Training delivery/capacity or quality issues within the host department

Application supported by evidence of levels of supervision, planning and support available to the trainee or any other documentation relating to the training that would demonstrate potential barriers to completion. For this circumstance the views of the Training Officer and/or Head of Department would be relevant.

Example – Trainee G has been unable to meet regularly with their training officer for the past 3 months due to urgent and compelling clinical commitments. No suitable individual has been able to provide alternative support. The projected training plan is insufficient and does not enable the trainee to fulfil all the required assessment activities of the programme, for one of the modules. The trainee filled out an EEC application for extension of time with evidence of the areas, as yet not covered, together with details of the training and supervision plans available from the department.

Deferral

Example – Trainee H has experienced new and debilitating symptoms of anxiety which resulted in a prolonged absence from training. Medical advisors suggest that the trainee is not fit to train and may need a period of recovery before attempting to return. The trainee, with support from their employer, submitted an EEC to request a deferral for 6 months, with details of the medical diagnosis and prognosis to confirm the recovery period required.

Step off

Example – Since Trainee I started the programme, there has been some large scale, service reconfiguration which involved their department. Several staff have left or been redeployed and there is insufficient support for the training. Trainee I have a substantive post with the department and considers that the department is not currently able to train. The trainee has submitted an EEC application to request a step off for 6 months, whilst the department completes the restructure. The trainee has provided written evidence of the situation from the employer, with a revised training plan and commitment to recommence the programme once the structure has been stabilised.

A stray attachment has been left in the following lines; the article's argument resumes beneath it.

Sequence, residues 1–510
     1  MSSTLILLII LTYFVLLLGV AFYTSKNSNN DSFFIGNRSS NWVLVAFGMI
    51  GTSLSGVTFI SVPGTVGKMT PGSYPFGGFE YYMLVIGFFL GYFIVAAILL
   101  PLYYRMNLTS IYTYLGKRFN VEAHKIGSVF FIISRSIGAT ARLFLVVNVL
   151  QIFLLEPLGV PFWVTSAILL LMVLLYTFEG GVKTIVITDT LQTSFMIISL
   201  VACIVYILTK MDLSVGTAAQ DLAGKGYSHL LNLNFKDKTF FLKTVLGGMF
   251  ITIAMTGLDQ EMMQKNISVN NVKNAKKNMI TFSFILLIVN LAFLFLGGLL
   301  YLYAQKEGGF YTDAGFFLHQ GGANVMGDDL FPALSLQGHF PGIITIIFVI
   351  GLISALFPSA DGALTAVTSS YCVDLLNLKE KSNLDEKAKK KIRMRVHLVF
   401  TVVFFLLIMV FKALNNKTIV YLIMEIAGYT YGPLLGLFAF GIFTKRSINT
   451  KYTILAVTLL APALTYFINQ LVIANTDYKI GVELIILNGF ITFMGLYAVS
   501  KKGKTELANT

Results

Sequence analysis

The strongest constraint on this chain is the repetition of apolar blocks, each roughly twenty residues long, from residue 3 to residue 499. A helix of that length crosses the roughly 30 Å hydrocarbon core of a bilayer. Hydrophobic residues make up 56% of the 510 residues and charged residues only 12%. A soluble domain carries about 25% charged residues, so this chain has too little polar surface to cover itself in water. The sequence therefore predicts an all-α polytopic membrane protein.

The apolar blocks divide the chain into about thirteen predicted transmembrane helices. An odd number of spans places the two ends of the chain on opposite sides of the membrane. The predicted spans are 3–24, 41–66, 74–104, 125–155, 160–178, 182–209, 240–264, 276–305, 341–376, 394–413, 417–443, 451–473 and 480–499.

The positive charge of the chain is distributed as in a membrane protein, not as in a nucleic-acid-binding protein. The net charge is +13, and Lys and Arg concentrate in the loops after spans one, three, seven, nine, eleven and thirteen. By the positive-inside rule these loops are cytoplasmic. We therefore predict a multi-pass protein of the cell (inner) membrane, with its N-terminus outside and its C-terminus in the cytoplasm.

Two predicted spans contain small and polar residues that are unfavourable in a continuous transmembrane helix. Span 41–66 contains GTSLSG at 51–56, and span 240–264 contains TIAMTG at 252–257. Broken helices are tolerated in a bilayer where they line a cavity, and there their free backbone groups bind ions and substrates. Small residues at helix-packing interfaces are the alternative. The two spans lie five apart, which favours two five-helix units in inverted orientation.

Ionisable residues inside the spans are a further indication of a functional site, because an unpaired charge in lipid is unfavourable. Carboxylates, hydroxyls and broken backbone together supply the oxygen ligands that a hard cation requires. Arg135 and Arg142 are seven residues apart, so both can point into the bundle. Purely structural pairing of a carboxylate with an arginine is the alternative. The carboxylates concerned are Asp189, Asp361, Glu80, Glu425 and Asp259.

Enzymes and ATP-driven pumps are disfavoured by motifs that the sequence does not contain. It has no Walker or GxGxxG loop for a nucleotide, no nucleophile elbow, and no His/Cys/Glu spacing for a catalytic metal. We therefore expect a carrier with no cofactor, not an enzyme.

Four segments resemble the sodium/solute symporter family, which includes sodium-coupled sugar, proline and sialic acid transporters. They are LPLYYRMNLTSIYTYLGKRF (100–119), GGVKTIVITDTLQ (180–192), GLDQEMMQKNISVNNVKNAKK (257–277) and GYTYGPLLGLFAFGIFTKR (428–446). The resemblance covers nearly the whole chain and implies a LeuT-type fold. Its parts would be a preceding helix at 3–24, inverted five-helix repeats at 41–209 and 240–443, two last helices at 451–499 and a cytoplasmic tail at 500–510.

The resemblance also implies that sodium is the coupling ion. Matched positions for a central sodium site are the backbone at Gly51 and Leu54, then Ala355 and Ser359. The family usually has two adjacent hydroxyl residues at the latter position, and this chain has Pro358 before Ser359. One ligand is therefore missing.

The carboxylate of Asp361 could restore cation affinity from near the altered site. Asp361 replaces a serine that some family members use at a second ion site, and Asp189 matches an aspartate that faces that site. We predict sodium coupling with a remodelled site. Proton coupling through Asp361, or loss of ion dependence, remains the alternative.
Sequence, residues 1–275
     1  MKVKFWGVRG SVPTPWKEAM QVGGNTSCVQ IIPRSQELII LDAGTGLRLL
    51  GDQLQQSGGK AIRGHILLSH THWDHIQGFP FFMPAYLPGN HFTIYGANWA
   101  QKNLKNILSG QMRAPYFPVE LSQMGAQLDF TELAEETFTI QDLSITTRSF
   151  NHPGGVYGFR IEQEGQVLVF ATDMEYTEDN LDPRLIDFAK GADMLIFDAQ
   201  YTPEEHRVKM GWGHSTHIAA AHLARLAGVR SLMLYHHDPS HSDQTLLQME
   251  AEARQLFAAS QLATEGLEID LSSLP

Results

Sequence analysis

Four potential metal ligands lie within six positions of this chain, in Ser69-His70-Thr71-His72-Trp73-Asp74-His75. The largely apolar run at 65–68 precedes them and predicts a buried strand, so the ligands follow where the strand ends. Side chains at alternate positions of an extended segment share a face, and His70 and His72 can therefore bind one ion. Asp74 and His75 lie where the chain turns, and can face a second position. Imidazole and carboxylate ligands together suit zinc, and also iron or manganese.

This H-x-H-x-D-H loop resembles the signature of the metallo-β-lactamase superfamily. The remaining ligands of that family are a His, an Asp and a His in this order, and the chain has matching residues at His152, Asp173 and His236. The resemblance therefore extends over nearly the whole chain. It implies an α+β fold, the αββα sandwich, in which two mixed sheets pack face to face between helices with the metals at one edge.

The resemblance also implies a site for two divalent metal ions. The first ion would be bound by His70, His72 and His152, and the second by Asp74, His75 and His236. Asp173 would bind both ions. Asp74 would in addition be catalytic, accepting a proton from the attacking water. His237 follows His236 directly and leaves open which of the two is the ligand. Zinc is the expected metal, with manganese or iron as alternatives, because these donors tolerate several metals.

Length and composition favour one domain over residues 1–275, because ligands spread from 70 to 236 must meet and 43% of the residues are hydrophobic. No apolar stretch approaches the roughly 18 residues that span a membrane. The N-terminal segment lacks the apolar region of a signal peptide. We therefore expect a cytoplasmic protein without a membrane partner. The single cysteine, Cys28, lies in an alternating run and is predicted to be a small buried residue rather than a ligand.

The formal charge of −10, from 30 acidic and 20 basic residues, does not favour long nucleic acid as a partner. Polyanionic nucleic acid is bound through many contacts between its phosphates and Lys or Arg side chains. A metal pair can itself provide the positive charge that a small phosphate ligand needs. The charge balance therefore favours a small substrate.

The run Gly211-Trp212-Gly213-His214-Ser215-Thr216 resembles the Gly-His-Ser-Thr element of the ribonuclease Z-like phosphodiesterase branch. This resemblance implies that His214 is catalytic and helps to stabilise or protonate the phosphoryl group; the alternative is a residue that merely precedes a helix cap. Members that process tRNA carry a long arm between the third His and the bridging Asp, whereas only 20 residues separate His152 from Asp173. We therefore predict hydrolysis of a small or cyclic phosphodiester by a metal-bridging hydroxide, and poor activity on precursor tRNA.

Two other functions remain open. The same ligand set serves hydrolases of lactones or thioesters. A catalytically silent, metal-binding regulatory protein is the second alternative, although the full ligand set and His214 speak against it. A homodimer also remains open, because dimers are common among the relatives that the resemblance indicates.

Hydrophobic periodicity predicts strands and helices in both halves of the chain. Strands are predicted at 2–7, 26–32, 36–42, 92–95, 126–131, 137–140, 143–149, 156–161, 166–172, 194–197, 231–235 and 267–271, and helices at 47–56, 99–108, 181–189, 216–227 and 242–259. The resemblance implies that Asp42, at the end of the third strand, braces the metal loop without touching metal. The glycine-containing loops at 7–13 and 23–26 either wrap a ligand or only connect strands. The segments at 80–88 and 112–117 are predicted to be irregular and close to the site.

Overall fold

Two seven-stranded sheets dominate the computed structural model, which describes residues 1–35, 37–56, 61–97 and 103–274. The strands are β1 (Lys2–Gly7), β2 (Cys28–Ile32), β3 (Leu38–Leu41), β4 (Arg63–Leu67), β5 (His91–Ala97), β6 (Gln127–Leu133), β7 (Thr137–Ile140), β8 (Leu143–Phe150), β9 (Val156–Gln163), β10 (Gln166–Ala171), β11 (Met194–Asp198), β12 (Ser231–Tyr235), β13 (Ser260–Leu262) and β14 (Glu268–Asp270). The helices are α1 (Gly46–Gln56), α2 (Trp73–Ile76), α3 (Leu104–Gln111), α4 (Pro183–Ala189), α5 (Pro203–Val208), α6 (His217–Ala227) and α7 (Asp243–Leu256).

Example – Trainee J has been asked to lead and support the development and implementation of a new, high profile clinical service, which will have a significant impact on their training time. The new service is critical to improving patient care and outcomes, and the employer has indicated that this must be the departments priority for the next 6 months. Their involvement in the development of the service will be an excellent experience for their learning, so there is a clear rationale that this will benefit their training in the long term. Trainee J has made an application to step off the programme for 6 months, with full written support from the department.

Career break

Example – Trainee K’s partner has recently been offered a fixed term employment opportunity in Australia. The couple have 2 children between them. Keen to support their partner and not break up the family, Trainee K has made an application for EEC to take a career break. They have included written confirmation of the offer of employment as evidence. Trainee K also seeks support from their employer and the University and confirms in writing their commitment to return to training following the end of their partners employment contract.